wife."

The sunshine on her face was tenderly refected on his. She was so sweet and winsome, so womanly, yet withal, so child-like, and oh, so beautiful! His strange, unusual mood was not proof against the witchery of her loveliness, her flowing hair, the subtle perfume breathing from her garments, the

tenderness of her words and looks.

"I don't think another man in the world has such a precious wife!" he said.

And though she knew that every man's private opinion regarding his own wife was the same, she took heart at his words of praise, and laughed archly. They two were that novel sight "under the sun," a pair of married lovers. Why need he have gone back to the forbidden subject? Ah! why have we always "done that which we ought not to have done?" Because he wanted to make himself miserable, I suppose. There is no other reason I can assign for his persistence; and, as for that, there is no reason whatever in a jealous man. He is simply "jealous for he is jealous," and where Shakespeare could not find a reason for a thing, how can I?

"Gracie, may I ask you one question?" "You may -- certainly."

"And will you answer it truthfully ?"

"If I answer it at all," she gravely made answer, "it must needs be truthfully, for I could not reply to you otherwise. But why ask a question at all ? I do not care to question you of your past; why should you question me of mine ? Let past and future alone, Paul. The present only is ours -- let us enjoy it."

And heedless of the warning shadow that fell across her pathetic face he persevered:

"Only tell me this my precious wife. This Bruce Conway, who went away to Europe to leorn that he loved you, and come back to tell you so. Gracie, in that post time when you knew him -- before you ever

knew me -- did you -- tell me truly, mind -- did you

ever love him?"

The question she had dreaded, and shrunk from all

the time! She knew it would come, and now that it had what could she say?

How easy it would have been to confess the truth to a less passionate and jealous mind. It was no sin not even a fault in her, and she was not afraid to tell him save with the moral cowardice that makes one dread the necessary utterance of words that must inflict pain. What harm was there in that dreamy passion that had cast its glamour over a few months of her girlhood? It was unkind in him to probe her heart so deeply. She dared not own the truth to him if its telling were to make him unhappy. And along with this feeling there was another -- the natural shrinking of a proud woman from laying bare the hidden secrets of her soul, pure though they be, to mortal sight. A woman does not want to tell her husband the man who loves her and believes her irresistible to all, that another man has been proof against her charms, that the first pure waters of love's perennial fountain had gushed at the touch of another, who let the tide flow on unheeding and uncaring, and a man has no business to ask it. But where does the line of man's "little brief authority" cross its boundaries? We have never found out yet. It is left, perhaps, for some of the fair and curious ones of our sex who are "strong-minded" in their "day and generation" to solve that interesting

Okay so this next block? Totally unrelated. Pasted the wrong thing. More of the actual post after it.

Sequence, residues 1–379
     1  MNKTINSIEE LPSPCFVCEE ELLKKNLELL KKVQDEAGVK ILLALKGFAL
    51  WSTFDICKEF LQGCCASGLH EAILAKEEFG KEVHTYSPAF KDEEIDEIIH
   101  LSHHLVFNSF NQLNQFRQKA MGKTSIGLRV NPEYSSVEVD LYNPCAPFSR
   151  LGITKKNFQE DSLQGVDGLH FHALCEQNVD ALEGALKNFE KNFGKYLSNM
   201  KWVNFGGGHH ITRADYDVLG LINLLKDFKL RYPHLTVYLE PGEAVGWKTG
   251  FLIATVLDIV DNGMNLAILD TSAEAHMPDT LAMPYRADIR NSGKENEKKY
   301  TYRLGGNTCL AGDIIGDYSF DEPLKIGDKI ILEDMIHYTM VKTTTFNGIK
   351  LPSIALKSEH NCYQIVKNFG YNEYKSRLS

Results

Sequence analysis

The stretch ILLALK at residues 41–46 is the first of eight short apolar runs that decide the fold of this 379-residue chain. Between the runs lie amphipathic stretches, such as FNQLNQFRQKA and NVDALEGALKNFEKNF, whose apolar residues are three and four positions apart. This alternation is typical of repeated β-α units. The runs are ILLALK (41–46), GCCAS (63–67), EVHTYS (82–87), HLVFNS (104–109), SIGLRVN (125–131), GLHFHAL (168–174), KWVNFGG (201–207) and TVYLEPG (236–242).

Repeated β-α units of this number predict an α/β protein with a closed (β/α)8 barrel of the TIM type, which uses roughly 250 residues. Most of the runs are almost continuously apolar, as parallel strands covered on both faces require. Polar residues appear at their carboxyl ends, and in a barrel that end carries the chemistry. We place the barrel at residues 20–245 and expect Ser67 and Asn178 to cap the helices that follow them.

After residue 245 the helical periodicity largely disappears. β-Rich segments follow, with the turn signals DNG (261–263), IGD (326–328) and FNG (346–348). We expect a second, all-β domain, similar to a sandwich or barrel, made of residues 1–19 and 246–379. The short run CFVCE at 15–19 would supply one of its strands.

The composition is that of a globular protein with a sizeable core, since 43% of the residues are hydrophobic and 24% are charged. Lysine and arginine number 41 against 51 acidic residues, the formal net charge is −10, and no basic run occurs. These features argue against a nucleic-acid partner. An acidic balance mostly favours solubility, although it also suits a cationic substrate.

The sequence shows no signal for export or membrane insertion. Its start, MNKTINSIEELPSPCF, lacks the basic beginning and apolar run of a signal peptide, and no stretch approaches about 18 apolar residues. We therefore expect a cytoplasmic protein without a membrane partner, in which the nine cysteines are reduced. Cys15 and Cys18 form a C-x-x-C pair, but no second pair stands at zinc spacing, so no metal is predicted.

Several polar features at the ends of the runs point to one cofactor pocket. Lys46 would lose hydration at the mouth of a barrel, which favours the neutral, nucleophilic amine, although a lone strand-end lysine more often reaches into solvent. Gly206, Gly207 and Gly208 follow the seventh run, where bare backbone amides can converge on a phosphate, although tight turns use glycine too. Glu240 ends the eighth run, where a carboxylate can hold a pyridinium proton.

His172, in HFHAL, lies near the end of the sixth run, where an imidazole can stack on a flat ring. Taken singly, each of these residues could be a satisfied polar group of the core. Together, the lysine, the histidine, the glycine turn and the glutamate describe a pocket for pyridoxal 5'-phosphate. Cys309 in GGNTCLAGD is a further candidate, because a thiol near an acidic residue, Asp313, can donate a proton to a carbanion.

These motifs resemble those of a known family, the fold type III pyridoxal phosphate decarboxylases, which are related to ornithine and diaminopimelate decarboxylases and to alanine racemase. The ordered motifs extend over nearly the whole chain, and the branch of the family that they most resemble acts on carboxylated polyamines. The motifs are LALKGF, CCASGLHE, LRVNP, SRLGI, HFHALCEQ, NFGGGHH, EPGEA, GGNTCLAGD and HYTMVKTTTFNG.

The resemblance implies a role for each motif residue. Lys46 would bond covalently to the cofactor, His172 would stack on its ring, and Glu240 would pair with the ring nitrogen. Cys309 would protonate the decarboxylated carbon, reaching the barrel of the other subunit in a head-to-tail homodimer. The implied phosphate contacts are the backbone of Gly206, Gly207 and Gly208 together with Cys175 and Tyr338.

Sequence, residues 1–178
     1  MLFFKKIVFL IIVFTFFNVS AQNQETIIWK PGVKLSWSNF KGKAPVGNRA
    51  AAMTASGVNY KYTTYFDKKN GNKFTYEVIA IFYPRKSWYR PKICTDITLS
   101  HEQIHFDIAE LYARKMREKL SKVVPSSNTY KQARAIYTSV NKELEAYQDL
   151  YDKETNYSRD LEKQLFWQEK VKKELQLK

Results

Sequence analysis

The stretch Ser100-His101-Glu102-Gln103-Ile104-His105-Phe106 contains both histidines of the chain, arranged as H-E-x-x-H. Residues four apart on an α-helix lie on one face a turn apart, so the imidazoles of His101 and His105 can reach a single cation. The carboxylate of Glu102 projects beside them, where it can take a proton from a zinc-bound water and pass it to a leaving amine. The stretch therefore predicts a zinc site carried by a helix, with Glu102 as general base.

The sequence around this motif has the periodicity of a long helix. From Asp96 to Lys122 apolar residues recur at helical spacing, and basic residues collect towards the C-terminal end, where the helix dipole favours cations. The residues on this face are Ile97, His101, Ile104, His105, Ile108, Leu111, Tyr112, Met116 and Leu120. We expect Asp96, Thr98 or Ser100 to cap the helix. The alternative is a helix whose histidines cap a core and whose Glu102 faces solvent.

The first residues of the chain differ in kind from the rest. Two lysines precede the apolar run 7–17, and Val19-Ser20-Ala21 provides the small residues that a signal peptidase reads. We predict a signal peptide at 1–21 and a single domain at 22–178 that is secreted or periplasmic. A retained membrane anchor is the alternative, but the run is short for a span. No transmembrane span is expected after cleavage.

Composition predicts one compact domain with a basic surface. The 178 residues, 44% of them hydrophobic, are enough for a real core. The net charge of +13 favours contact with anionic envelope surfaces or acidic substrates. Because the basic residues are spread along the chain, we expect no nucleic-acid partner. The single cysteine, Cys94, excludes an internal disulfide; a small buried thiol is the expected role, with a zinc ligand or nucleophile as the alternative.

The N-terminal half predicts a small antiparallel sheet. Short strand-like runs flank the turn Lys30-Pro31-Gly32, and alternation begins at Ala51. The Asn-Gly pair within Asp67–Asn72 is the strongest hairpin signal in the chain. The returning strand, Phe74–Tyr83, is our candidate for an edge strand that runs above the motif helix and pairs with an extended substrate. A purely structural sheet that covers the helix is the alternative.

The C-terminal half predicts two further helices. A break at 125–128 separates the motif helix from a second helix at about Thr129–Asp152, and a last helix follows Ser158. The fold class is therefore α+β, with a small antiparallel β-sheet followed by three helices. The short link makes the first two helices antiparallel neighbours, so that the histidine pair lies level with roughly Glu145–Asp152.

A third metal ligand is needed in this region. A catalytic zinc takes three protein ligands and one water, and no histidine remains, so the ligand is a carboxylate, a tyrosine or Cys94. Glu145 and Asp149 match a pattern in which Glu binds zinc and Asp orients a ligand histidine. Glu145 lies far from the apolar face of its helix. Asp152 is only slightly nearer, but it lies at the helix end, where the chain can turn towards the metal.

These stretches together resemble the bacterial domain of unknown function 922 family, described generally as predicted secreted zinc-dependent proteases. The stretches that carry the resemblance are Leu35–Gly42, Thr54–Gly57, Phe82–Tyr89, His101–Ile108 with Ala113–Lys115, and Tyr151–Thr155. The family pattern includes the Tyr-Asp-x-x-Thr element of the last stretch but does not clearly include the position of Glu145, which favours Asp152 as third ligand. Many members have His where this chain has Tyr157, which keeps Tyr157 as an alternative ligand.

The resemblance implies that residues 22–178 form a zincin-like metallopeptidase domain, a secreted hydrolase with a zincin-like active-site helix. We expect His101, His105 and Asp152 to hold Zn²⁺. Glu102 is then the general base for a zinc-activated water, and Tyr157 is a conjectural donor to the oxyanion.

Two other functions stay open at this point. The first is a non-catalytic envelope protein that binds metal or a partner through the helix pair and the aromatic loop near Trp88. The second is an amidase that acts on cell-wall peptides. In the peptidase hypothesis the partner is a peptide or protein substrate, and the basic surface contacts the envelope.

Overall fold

problem.

So Gracie, debarred by confession by so many and grave considerations, in desperation parried the

question.

"Paul, do you know that I am sleepy and tired while you are keeping me up with such idle nonsense? If we must begin at this late day to worry over our past loves and dreams, suppose you begin first by telling me how many separate ladies you have loved before you ever met me! Come, begin

with the first on the list."

"It begins and ends with -- yourself," he said

gravely and firmly.

"Like the story of Mrs. Osgood's Evelyn," she rejoined, smiling, and beginning to hum lightly:

"It began with -- 'My Evelyn fairest!'

It ended with -- 'Evelyn best!'

And epithets fondest and dearest,

Were lavished between on the rest."

Then breaking off, she says more seriously and

softly:

"Then try to think that is the same with me. Don't worry over such idle speculations. I am tired

and half sick, dear."

"Gracie, you drive me to desperation. I asked you a simple question -- why do you try to evade

it?"

"Because it is unfair to me. I haven't asked you any such ridiculous questions. I won't submit to be catechised so, positively, I won't! Don't be angry, dear. I am sure the slightest reflection on your part will convince you that I am right. I have partly forgotten the past; have ignored it anyhow, not caring to look back any further in my life than the two years in which I have known and loved you. All the happiness I ever really knew has been showered on me by your lavish hand. Be content in knowing that and spare me, Paul."

" I thank you, Grace, for your sweet tribute to me, but I asked you a question and I am -- waiting for

your answer."

"I thought I had answered you plainly enough, Paul. Why will you persist in making us both

unhappy ?"

"Gracie, will you answer or not?"

"Oh, darling! you have worried me into a nervous chill. I am cold as ice," and to prove the truth of